When I get on the phone with singer/songwriter and dancer Adanna Duru in December, it’s about a week after she’s released her single, ‘Quinn.’ Stating that she was pretty much singing before she could even talk and dancing since the age of four, she took charge in feeding into her passion for the arts very quickly. Hailing from Southern California, when we discuss her music, her interests, and what she hopes to come, she speaks not only with a poise and maturity but with that very same passion.
Adanna first got her name out there joining Team Adam Levine in the third season of The Voice in 2012 before placing Top 10 in the final season of American Idol. “I just learned a lot of growth a lot of who I was as a musician better,” she says about what, as an artist, she took away from both experiences. “At the beginning, it was just an, ‘I like to sing’ type of thing and over time, I kind of learned more about the industry, how to develop my sound, and how to develop a look and branding.”
In early 2016, she released her first body of work, Exhibit A, a 4-track pop/R&B mixtape ranging from talking about love to talking about confidence. Her latest single, “Quinn,” which gives listeners a taste of her upcoming music, came to her around the same time, although Adanna says the song wasn’t recorded until the summer. “Originally, I think I wanted ‘Quinn’ to be on Exhibit A, but then I wanted to give myself some room to peep growing and give myself a chance to see where my sound takes me so I’m really happy I waited until after Exhibit A to show how much I could grow.”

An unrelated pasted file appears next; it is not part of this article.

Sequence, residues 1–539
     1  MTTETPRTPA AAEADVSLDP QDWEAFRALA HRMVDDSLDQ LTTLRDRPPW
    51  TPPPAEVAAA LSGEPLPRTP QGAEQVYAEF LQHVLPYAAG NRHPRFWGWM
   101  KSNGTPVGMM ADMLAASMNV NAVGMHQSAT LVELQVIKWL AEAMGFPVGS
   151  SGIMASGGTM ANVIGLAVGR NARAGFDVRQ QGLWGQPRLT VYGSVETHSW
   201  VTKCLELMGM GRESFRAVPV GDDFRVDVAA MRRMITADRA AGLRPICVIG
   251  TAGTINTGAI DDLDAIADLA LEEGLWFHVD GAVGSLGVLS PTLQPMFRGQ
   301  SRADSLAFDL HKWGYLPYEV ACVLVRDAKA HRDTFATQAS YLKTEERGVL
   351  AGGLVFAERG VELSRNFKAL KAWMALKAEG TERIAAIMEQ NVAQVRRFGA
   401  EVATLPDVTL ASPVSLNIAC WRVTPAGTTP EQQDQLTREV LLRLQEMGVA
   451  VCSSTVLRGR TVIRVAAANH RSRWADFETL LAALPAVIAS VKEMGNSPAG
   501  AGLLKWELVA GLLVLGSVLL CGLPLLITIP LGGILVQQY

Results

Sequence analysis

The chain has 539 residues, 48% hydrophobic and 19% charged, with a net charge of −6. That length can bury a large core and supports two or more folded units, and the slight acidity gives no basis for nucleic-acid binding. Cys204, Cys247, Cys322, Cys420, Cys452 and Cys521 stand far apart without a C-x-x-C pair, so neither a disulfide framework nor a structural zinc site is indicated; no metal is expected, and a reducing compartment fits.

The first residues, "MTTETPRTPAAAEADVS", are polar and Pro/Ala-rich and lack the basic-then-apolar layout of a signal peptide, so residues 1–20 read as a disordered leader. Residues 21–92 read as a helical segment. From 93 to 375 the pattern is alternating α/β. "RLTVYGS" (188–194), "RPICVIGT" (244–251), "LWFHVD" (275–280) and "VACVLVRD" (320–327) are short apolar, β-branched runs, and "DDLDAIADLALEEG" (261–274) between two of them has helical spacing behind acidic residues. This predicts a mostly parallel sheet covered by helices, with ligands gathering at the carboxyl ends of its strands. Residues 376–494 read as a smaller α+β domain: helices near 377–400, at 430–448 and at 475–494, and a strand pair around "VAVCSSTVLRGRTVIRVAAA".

The song came to her in one swoop in an airport on her way to New York a year ago. Taking on the role of producer, composer, singer, and songwriter for the song was not only a new but exciting experience for Adanna, ”When I create my songs, sometimes it’s with the help of a producer who comes up with the melody, comes with the structure, and we’ll bounce off each other’s ideas, but for “Quinn,” it was pretty much entirely off the top of my head. Everything that you hear when you press play, that was in my head before we even laid it down in the studio.”
“So, I remember I beatboxed the beat to my producer and I was like, I want the beat to be exactly like this and I want the bass exactly like this and I want all the pauses to sound exactly like this, everything to sound exactly like this,” she continued. “I wanted something that was quirky, something that was unique, and something that was very throwback-y because I’m a big fan of 90s R&B, but I’m also a big fan of like modern music so I wanted to have something that’s like a marriage between old school and new school.”